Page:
Flashcards in 3.3 Meiosis Deck (14):
A reductive cell division process which produces four haploid gametes from one diploid somatic cell. (Meiosis I is reductive: the number of allele varieties per gene is reduced from 2 to 1).
What leads to genetic variations in meiosis and sexual reproduction in general?
Random orientation in metaphase I & II
Crossing over in prophase I
Random sperm fertilizing the egg (random combination of gametes)
Nucleus membrane dissolves
Supercoiling (condense) of chromosomes
Replicated homologous chromosomes form bivalents by synapsis
Crossing overs --> reshuffle the alleles between homologous pairs
Centrioles migrate to the poles of the cell
Bivalents line up at the equator
Spindle fibres attach to the centromeres from the centrioles at the poles
Random orientation: the centriole to which each sister chromatid pair faces, and eventually is pulled towards is random and independent for each bivalent
Segregation of alleles
Disjunction of chromosomes
Spindle fibres contract
Sister chromatid pairs for each chromosome are pulled to opposite poles
Where crossing over takes place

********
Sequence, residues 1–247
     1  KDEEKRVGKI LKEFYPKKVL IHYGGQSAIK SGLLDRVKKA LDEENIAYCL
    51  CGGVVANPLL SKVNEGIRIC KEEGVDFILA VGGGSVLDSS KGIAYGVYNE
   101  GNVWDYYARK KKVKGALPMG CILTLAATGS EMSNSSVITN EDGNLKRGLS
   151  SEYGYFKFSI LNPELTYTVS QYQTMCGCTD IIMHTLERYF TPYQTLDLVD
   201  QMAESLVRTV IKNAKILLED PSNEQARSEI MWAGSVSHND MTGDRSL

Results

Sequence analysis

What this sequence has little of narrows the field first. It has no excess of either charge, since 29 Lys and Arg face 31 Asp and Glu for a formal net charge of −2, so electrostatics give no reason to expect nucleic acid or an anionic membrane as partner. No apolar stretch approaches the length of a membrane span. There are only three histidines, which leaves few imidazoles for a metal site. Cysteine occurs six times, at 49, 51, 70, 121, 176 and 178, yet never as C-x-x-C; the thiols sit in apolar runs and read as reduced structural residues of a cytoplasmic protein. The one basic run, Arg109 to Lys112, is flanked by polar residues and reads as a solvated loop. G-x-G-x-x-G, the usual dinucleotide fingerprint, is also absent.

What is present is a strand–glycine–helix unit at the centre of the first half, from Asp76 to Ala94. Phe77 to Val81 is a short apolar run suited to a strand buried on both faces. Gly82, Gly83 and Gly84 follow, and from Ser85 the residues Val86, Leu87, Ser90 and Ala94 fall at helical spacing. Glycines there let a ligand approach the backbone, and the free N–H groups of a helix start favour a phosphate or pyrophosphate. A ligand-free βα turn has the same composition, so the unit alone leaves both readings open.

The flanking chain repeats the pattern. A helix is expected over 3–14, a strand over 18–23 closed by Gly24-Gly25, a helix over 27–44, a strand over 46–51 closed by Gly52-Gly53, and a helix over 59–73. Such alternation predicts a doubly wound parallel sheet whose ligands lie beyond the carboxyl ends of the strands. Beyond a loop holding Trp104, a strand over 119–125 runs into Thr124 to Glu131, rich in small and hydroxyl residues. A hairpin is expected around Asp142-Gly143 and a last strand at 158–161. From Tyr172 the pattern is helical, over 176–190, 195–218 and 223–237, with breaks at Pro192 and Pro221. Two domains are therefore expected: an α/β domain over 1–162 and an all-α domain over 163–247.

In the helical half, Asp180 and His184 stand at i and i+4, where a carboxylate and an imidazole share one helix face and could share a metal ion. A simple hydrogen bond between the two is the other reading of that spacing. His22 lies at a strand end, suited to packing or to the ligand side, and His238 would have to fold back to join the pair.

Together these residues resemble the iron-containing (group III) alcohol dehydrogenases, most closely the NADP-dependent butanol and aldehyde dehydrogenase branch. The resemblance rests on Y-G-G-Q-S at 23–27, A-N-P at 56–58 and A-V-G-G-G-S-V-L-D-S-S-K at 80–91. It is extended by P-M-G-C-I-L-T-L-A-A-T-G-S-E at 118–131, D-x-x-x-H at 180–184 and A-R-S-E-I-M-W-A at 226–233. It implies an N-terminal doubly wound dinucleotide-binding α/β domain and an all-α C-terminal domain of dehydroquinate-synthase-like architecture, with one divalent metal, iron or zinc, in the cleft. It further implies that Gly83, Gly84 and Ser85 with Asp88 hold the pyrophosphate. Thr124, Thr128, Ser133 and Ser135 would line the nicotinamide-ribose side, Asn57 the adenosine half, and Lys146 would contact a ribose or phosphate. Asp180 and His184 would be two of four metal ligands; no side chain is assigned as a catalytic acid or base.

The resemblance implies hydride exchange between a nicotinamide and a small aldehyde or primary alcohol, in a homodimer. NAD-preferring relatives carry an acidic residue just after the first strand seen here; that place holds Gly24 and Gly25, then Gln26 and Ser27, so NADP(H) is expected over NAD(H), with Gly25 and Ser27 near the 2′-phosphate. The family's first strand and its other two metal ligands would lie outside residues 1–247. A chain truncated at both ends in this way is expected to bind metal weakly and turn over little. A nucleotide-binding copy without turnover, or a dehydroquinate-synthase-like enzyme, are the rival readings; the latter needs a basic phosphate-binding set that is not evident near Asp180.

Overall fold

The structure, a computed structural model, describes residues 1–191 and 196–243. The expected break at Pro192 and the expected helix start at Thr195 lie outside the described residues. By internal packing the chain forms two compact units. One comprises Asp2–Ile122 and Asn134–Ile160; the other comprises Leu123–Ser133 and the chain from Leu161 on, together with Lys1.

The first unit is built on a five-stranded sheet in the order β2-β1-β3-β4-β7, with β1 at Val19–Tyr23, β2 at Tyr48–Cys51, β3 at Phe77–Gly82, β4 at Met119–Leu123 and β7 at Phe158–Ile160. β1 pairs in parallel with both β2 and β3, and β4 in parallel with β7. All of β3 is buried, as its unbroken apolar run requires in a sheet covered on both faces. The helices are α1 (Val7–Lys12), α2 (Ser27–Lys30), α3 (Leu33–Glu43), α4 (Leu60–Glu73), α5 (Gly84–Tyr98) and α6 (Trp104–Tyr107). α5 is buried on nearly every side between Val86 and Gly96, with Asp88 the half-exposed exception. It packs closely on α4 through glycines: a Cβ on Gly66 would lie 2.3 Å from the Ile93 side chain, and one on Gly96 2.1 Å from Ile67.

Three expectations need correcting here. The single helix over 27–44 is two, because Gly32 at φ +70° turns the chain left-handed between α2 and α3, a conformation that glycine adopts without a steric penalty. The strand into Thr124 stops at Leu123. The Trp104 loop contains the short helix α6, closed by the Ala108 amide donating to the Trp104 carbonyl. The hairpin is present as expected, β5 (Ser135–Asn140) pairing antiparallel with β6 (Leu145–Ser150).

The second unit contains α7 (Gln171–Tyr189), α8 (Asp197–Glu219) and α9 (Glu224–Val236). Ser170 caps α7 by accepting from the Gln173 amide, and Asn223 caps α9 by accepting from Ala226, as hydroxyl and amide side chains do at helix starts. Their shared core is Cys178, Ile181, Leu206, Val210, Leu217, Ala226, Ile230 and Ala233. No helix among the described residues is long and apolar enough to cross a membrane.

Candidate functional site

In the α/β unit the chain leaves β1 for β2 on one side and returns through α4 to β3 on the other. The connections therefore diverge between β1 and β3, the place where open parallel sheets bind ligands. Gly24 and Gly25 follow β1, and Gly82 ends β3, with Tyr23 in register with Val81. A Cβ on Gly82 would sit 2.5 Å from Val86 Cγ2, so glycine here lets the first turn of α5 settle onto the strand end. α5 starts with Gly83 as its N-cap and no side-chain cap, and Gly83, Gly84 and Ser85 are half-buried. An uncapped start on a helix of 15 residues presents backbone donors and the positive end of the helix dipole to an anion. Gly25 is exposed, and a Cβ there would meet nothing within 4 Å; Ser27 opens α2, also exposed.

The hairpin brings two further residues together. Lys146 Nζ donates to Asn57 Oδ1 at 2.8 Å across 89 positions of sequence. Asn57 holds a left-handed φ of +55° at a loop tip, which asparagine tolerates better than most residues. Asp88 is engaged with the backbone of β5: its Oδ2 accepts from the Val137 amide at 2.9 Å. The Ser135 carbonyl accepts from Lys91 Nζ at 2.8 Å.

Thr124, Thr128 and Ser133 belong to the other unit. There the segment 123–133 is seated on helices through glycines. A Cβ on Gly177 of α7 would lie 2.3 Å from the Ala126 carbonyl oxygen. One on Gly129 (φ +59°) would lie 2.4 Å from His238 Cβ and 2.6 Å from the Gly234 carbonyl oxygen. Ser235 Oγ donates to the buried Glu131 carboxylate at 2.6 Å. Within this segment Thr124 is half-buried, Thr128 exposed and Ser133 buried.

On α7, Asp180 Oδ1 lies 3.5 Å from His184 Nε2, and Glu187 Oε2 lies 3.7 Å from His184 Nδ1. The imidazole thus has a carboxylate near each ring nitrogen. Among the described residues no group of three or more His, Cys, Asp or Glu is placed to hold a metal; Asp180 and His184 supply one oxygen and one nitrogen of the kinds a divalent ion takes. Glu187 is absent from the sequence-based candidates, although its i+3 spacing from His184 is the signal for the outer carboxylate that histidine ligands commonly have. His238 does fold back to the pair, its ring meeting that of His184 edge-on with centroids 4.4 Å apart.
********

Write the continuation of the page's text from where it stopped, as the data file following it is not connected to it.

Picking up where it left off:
The separation of alleles into different nuclei.
Decondense of chromosomes
Nuclear membrane and nucleolus reform
Cytokinesis takes place: the cytoplasm begins to divide
When homologous chromosomes/sister chromatids fail to separate during anaphase I or anaphase II, causing the gametes produced to have one more (trisomy)/one fewer (monosomy) chromosome.
Ex) Down syndrome, caused by disjunction in 21st pair
Name the two sampling methods for karyotyping
1. Amniocentesis sampling
2. Chorionic villus sampling
Sampling 20 ml amniotic fluid
Using a syring, which is directed by ultrasound
The amniotic fluid contains cells from the fetus, which can be used for karyotyping
1% chance of miscarriage
Chorionic villus sampling
Sampling villus cells from the chorion membrane of the placenta
Using a needle guided by ultrasound
The cells sampled are then cultured until there is sufficient amount for karyotyping
2% chance of miscarriage
What test is taken before amniocentesis and chorionic villus sampling? And why?
Nuchal translucency scan: which involves examining the amount of nuchal fluid behind the neck of the fetus.
Large Q of nuchal fluid is correlated with Down syndrome
Not 100% accurate, but is non-invasive: mothers with a large amount of nuchal fluid will then take the invasive amniocentesis/chorionic villus samples.